First, close your left eye and stare at the cross with your right eye. While you are looking at the cross, you should still be able to see the dot on the right without actually looking at it--using your peripheral vision. While keeping your right eye on the cross and your left eye closed or covered, move slowly toward your computer screen. You will notice that the spot will disappear at a certain distance and then reappear as you move even closer to your screen.
The optic nerve acts like a cable that connects the eye with the brain and allows us to interpret light stimulation of the retina (the back of the eye) as visual images. The beginning of the optic nerve in the retina is called the optic nerve head. Since there are no receptors (cones and rods) here, this area of the retina cannot respond to light stimulation and therefore cannot see images. This is known as our blind spot and everyone has one in each eye.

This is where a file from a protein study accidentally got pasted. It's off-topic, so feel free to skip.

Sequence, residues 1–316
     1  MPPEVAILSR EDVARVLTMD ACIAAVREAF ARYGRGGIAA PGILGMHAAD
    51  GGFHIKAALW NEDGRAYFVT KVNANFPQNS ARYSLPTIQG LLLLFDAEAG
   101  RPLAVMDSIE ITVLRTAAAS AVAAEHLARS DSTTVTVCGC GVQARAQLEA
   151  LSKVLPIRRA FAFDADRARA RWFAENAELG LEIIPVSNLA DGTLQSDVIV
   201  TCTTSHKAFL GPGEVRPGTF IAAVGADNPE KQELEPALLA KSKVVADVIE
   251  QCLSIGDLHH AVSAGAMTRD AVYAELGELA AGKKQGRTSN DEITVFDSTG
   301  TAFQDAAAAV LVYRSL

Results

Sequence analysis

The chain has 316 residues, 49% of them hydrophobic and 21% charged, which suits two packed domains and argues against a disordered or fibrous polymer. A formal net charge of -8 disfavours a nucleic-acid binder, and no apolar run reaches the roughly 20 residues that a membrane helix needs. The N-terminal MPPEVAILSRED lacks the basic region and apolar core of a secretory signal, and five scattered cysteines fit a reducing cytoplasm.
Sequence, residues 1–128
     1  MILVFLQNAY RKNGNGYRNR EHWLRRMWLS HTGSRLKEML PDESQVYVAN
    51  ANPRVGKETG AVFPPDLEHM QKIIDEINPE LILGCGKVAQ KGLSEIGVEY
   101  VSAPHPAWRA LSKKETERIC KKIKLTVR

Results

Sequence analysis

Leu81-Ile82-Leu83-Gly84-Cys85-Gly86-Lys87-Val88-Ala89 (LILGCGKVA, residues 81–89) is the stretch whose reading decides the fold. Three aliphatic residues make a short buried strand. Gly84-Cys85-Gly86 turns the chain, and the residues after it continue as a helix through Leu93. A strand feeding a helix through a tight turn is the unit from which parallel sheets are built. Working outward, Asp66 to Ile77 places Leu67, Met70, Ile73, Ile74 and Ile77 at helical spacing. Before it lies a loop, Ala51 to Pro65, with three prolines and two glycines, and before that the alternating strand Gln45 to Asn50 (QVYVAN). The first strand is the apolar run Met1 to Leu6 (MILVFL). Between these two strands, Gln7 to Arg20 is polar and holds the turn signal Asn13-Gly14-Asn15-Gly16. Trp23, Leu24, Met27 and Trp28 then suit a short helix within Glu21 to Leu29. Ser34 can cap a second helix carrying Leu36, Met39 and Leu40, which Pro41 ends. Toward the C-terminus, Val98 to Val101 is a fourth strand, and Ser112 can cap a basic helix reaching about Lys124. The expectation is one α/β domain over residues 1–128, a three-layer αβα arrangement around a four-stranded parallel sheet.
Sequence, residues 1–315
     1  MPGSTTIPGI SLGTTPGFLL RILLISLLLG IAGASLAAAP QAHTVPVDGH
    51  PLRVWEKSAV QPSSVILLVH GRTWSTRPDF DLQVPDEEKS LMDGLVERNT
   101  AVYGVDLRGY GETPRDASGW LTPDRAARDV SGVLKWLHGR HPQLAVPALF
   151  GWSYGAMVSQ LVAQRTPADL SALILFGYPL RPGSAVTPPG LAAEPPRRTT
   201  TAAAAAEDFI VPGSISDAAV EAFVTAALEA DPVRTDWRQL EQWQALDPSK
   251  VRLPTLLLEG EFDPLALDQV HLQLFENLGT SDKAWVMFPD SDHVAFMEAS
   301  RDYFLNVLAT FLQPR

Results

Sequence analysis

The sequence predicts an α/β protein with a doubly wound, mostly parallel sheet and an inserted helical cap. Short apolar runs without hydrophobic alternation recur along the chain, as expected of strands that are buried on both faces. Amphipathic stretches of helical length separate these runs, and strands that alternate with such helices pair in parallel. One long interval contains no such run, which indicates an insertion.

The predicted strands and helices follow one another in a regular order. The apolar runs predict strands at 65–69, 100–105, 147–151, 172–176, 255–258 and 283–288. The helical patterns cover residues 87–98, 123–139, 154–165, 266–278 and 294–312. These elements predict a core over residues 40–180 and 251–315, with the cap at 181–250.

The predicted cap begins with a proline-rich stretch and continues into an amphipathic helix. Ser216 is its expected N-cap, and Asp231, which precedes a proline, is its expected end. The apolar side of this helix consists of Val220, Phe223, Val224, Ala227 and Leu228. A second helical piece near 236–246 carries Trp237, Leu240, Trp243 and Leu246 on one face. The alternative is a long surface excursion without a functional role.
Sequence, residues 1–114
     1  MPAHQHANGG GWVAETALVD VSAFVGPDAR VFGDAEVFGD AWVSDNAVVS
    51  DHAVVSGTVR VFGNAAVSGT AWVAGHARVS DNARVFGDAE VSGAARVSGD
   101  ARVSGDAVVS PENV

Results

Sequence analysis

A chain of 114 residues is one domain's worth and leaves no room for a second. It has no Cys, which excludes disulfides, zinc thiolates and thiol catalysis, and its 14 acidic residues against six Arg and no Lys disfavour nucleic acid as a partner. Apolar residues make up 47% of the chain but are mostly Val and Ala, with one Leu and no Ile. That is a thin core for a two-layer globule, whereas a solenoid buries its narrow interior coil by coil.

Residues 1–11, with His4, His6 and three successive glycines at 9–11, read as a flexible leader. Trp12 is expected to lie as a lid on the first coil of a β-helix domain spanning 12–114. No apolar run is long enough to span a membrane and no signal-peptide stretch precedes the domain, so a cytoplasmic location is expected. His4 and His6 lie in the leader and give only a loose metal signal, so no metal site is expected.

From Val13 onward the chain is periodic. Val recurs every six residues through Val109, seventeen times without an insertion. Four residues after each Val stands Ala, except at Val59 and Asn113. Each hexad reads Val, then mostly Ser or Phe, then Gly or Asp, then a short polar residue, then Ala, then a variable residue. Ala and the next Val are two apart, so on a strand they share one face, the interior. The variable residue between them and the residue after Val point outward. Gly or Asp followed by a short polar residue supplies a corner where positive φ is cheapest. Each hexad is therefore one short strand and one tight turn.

Though we can't explain a "blind spot" when it comes to love and relationships, we can expain why we aren't aware of the physiological blind spot in our vision. We aren't usually aware of it because when both eyes are open, the blind spot of one eye corresponds to an area of the retina that is "seeing" in the other eye.
Dr Mulqueeny is friendly yet very professional. He cares about his patients and will take the time to talk and answer any questions. I would tell anyone to go see him.